by Jim Burkee*
The Milwaukee Journal-Sentinel | April 14, 2009
If exit polls and surveys prove accurate, there will be one demographic deeply underrepresented in Wednesday’s conservative “taxpayer tea parties,” to be held at capitols across the country: Americans between the ages of 18 and 29.
In 2008, Democrats dominated Republicans among these voters, winning them over by a 2-to-1 margin in the presidential race (68% for Barack Obama vs. 30% for John McCain). It wasn’t simply an Obama phenomenon, either: In races for the House of Representatives nationwide, 18- to 29-year-olds voted 63% to 34% for Democrats. In conservative South Dakota, 60% voted against an abortion ban; in California, 61% opposed a proposition (which passed) to ban gay marriage; a majority opposed Arizona’s law to ban adoption by gay couples; and even in Mississippi, longtime Republican Sen. Thad Cochran tied his Democratic challenger among young voters.
In the first few months of his presidency, Obama has continued his full-court press for young voters, breaking protocol by giving Queen Elizabeth a loaded iPod, appearing on television and radio and expanding the White House’s Internet presence.
But the political loyalties of that coveted demographic are not yet decided. While they seem to lean to the left, they’re actually more libertarian than liberal, a fact that will reshape the way we think about liberalism and conservatism in decades to come.
America’s Generation Y (born between 1980 and 1995) is the first to have grown up with the Internet, which leaves it the most liberty-loving generation since the era of Andrew Jackson. Liberty, the root of what meant to the founders’ generation “liberal,” describes freedom from control and interference, particularly by government. And there is no domain so free from government as the Internet.
What does it mean to have been weaned in an environment – the Internet – virtually free of government interference? Millions of Gen-Yers have grown accustomed to making purchases online tax-free. They download movies and music (much of it pirated), read their news online for free (to the detriment of print media), find recipes online and network with friends and relatives online.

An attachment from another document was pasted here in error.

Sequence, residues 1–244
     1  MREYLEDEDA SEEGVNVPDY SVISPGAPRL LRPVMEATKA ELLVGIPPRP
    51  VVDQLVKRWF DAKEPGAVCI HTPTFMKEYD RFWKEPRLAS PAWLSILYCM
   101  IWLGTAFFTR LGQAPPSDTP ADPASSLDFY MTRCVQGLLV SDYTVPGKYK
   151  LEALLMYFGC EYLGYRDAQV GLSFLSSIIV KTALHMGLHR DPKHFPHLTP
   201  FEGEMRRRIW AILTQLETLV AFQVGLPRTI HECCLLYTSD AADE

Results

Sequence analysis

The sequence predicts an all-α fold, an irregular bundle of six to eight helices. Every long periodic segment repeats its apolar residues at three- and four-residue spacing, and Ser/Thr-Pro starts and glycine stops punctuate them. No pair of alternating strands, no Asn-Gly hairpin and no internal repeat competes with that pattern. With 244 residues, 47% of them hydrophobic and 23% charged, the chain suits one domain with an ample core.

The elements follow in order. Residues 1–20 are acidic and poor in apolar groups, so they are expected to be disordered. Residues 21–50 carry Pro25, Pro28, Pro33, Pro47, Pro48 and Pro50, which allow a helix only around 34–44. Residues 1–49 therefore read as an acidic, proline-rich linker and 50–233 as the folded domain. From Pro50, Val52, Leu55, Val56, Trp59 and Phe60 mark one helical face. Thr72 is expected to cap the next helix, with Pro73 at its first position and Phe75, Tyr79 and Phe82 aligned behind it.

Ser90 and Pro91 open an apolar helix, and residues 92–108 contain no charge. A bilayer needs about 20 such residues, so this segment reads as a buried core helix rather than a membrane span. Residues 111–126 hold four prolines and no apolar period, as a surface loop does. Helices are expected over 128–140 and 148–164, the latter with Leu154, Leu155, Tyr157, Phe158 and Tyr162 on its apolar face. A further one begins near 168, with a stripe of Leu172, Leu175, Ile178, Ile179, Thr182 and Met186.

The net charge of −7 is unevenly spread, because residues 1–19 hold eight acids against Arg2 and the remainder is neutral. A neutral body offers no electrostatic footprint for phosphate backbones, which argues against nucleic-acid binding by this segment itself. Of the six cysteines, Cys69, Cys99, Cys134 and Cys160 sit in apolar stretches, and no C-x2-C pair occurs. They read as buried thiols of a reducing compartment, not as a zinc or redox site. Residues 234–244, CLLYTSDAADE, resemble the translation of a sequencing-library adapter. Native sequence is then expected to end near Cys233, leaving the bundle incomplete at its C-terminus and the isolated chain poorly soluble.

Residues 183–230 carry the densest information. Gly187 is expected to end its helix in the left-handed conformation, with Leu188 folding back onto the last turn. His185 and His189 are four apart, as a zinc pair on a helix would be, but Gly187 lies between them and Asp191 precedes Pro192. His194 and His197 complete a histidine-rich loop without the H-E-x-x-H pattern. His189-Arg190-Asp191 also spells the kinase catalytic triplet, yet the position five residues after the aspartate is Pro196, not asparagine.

In short, they love their freedom.
This love of liberty translates into a unique political composite. Gen-Yers are less nationalistic and more likely to see all politicians as corrupt than older voters. They support liberalization of drug laws and would prefer to see marijuana legalized. And they are much less likely to support restrictions on immigration than older voters. On these counts, they seem to lean left of center, at least as the political spectrum is defined today.
But they are also free-traders, much more supportive of globalization than older voters. They’re optimistic, overwhelmingly believing that they can change the country for the better. And in the most recent surveys, they support proposals to privatize Social Security, which few believe will be there for them when they retire. On these counts, they seem to lean right of center.
The truth is, this generation, which seems not to fit in any neat political category, is more ideologically consistent than either Democrats or Republicans. The conservatism that dominates the Republican Party today is a combination of limited government in some places (taxation and regulation), but bigger and more intrusive government elsewhere (homeland security, military and on social issues). The Democratic Party is just as inconsistent, preferring government to be hands-off on social and civil liberty issues, but large elsewhere in areas like health care and other entitlements.
Gen-Yers see the inconsistency. Weaned on the Internet, they understand what our founders understood and what classical liberals since have preached: that Social Security and the Internal Revenue Service represent big, intrusive government, but so, too, do a massive military, snooping spy agencies and national identification cards. They don’t want the government taxing their Internet purchases any more than they want a government agency assigning them a doctor.
It’s the classical liberalism of Milton Friedman, who argued that political and economic freedom are deeply interrelated – that one cannot exist without the other. They’ve grown up with that kind of freedom, and as voting adults, they have come to expect it.
Republicans might be tempted to reject as “liberal” these voters because of their moderate social views. And Democrats would be wrong to believe that social moderation somehow translates into an affinity for big government programs.
Generation Y, and the iPod generation to follow, likely will redefine what it means to be conservative or liberal. The first party to understand this and adjust will dominate America’s political landscape in the future.
Jim Burkee is an associate professor of American history at Concordia University Wisconsin.
*Mr. Burkee was endorsed by the Republican Liberty Caucus in his 2008 primary challenge to incumbent Congressman Jim Sensenbrenner (R-WI).
The views expressed here are solely those of the author and do not necessarily reflect official positions of the RLC.